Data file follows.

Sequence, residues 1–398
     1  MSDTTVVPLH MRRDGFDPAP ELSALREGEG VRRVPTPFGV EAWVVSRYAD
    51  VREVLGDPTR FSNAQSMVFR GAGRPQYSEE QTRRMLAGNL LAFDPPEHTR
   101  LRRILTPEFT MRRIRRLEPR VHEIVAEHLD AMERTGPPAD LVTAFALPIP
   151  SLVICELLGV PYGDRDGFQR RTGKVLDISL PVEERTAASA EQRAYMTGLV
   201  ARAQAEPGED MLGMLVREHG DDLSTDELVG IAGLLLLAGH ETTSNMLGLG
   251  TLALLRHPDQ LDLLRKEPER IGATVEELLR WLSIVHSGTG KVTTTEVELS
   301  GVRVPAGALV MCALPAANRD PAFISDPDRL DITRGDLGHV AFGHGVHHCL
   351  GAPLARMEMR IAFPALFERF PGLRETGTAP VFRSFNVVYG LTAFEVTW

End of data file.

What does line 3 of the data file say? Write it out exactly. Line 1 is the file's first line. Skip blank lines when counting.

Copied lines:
    51  VREVLGDPTR FSNAQSMVFR GAGRPQYSEE QTRRMLAGNL LAFDPPEHTR